Cat fights, dog fights, or elephantine showdowns—animal issues can be the best and worst of horses for politicians to ride. From off-leash dog runs to tribal whale hunts, they incite ferocious passions in some citizens and searing scorn in others, who wonder why our solons waste their time and ours on them. And so the battle begins over whether to let the circus keep coming to town. Mayor Paul Schell stepped into this one even before he became mayor, when animal-welfare activists approached him about banning exotic animal performances and displays, and he said he was game. Last October—a few weeks before the WTO arrived and Schell’s reputation took a beating— he came through and announced he would propose such a ban after the election.
That same month, the city of Redmond actually adopted such a ban. For Redmond, as for a few like-minded towns in Massachusetts, Florida, Maryland, and California, it was a preventive and symbolic measure: The most exciting performing-animal action in Redmond is ordinarily the pony rides at Sarrel-McWhirter Park.
But that victory emboldened the activists, who’ve set their sights on Seattle—a city that actually hosts three-ring circuses, the most conspicuous and controversial showcases of performing animals. Adding Seattle to the circus-free list might encourage other cities; the activists say Cincinnati and Alexandria are considering bans. Then again, given what Joan Galvin, vice president of governmental affairs for Feld Entertainment, the parent company of Ringling Bros. and Barnum & Bailey Circus, calls Seattle’s “liberal, progressive reputation,” it might not have much effect in the heartland.
Even here in the Progressive Republic of Seattle, going after the circus could prove politically dicey. When Schell announced his intent last fall, skeptics asked why he fretted over elephants rather than the city’s real business. Seattle Times columnist Nicole Brodeur nattered at him for playing “Dr. Dolittle” verging on “do little.”
Since then Schell has stayed out of the circus limelight. But last month his office quietly delivered up draft legislation to ban performing animals from city-owned facilities—and left it to the City Council to carry it through. Two of the council’s newest and youngest members, Heidi Wills and Judy Nicastro, have taken the lead in sponsoring the bill, which comes up for a Parks Committee vote next week. Passage looks assured; the committee’s chair, Nick Licata, has signed on as a cosponsor and says the bill already has the five votes it needs. But the ban on show animals may not prove such an easy ride, even in PC Seattle and even though it’s more restrained than the outright bans adopted by smaller cities: It would merely forbid displaying “exotic” (i.e., wild and potentially dangerous) animals in city facilities. But Feld’s Galvin says this would be enough to drive out Ringling, since the city-owned KeyArena where it performs each autumn is Seattle’s only suitable venue. And, she warns, Feld might also withhold its Disney on Ice and other shows: “If we’re not welcome, then. . . .”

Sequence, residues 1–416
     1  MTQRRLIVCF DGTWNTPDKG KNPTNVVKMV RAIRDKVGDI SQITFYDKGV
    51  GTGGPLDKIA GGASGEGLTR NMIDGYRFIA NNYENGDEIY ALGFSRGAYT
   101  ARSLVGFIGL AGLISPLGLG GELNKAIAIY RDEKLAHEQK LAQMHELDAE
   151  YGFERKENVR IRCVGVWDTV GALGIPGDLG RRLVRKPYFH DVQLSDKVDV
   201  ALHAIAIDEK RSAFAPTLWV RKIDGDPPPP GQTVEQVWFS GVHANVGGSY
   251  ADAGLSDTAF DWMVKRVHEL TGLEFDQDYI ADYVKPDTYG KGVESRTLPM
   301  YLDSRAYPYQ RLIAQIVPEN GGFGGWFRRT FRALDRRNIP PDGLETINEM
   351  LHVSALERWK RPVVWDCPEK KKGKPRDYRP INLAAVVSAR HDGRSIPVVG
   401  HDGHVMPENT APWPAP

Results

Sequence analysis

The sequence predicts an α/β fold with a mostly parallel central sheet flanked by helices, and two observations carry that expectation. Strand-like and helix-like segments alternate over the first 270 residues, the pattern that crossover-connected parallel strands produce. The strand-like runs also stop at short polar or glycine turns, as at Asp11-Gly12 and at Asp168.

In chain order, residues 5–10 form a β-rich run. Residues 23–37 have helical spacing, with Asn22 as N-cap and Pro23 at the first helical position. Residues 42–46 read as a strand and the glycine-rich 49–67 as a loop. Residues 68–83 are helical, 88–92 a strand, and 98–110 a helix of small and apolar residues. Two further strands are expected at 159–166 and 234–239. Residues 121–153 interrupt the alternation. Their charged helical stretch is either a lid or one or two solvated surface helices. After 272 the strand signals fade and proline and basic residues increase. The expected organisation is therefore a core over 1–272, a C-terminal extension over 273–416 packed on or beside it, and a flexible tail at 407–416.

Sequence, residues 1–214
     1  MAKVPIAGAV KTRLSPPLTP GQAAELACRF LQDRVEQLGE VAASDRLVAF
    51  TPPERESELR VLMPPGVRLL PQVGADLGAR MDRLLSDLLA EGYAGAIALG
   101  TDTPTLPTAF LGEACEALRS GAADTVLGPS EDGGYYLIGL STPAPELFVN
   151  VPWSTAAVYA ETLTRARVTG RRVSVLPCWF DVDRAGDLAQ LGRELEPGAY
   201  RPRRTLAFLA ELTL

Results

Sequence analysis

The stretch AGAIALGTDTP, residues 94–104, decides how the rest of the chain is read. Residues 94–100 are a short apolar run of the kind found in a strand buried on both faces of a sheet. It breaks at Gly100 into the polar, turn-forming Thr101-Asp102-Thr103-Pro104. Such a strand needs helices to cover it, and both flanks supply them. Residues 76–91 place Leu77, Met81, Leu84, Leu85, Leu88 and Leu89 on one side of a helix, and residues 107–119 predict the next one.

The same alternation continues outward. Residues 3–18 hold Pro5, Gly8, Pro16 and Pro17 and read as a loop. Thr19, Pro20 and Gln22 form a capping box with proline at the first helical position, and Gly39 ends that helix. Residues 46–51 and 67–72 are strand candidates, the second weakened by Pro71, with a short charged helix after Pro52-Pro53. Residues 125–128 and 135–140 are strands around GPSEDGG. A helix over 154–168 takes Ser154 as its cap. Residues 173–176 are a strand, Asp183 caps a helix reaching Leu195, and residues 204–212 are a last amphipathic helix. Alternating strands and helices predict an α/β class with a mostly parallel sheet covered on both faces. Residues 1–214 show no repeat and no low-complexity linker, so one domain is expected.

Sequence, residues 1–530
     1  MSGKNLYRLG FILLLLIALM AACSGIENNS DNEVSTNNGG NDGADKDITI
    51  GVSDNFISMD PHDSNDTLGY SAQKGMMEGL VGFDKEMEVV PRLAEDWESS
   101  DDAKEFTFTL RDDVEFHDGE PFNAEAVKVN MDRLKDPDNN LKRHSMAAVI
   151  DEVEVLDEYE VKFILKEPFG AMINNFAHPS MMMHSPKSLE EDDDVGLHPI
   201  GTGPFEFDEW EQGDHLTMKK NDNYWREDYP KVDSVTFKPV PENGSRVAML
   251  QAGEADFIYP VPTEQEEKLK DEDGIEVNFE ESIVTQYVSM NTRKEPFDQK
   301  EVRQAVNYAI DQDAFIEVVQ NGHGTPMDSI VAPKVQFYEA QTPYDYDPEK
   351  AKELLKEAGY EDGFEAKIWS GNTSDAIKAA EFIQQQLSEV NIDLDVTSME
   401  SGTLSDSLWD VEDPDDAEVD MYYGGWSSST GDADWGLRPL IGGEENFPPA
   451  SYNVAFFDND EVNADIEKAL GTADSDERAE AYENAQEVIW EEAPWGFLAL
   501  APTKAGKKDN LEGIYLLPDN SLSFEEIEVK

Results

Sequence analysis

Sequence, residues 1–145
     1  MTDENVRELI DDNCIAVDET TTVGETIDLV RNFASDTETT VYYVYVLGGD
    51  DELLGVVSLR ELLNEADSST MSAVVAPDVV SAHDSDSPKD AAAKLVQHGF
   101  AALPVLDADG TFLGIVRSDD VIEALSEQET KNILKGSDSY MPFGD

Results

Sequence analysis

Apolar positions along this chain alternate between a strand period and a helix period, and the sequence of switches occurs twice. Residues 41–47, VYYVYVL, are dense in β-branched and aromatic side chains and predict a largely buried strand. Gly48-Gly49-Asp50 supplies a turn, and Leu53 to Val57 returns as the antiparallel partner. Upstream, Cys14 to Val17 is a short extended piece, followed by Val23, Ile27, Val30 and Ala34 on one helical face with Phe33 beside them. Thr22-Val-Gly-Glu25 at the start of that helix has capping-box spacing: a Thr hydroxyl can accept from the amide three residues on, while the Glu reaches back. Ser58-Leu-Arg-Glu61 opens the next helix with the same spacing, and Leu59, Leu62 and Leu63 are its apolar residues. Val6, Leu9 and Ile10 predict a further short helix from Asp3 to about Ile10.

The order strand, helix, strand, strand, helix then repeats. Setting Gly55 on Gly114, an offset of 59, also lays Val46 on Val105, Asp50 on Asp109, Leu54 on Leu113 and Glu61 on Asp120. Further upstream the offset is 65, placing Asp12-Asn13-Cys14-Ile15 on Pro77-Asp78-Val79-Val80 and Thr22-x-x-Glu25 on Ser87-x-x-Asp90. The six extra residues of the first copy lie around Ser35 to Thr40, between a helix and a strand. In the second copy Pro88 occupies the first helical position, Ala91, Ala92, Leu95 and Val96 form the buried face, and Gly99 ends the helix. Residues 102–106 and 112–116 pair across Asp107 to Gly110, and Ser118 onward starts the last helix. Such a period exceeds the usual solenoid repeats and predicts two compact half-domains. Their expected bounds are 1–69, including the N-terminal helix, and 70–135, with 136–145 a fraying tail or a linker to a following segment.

“The Greatest Show on Earth” won’t go gently from Seattle, or out of the performing-animal business. Feld has hired one of the top local political guns, Northwest Strategies, to work its case, and Galvin herself has been out lobbying council members. As the debate heats up, you’ll doubtless hear many vehement declarations from both sides on the true nature of performing animals, especially elephants, the critters at the center of both the three-ring show and the animal-welfare debate. The activists will recite the problematic aspects of making elephants perform: the perennial deaths of wayward elephants, their handlers, and the occasional spectator; the grueling travel and confinement that elephants, tigers, and other wild animals must endure on the road; the “degrading” and “unnatural” actions they must perform in the ring; the physical coercion required (using chains, ropes, and the ankus bullhook) to dominate four-ton beasts. They’ll show the pachyderm equivalent of the Rodney King video, with keepers at unidentified circuses slapping, poking, and yanking their animals.
Ringling Bros., which animal behaviorist/activist Ellen Leach concedes is “probably the best” in a bad business, will try to distinguish itself from other, shabbier operators. Its people will insist they’re emphasizing reward-based “operant conditioning” rather than physical discipline, just as zoos are. They’ll explain that the animals aren’t performing or tightly confined all the time: The elephants stretch and play inside portable electric perimeter fences, and the big cats get daily breaks in an exercise cage Galvin says is as big as a circus ring. And they’ll contend that the animals are merely being directed to repeat “behaviors they perform on their own”—as when elephants stand on their heads to dig for water or crush melons.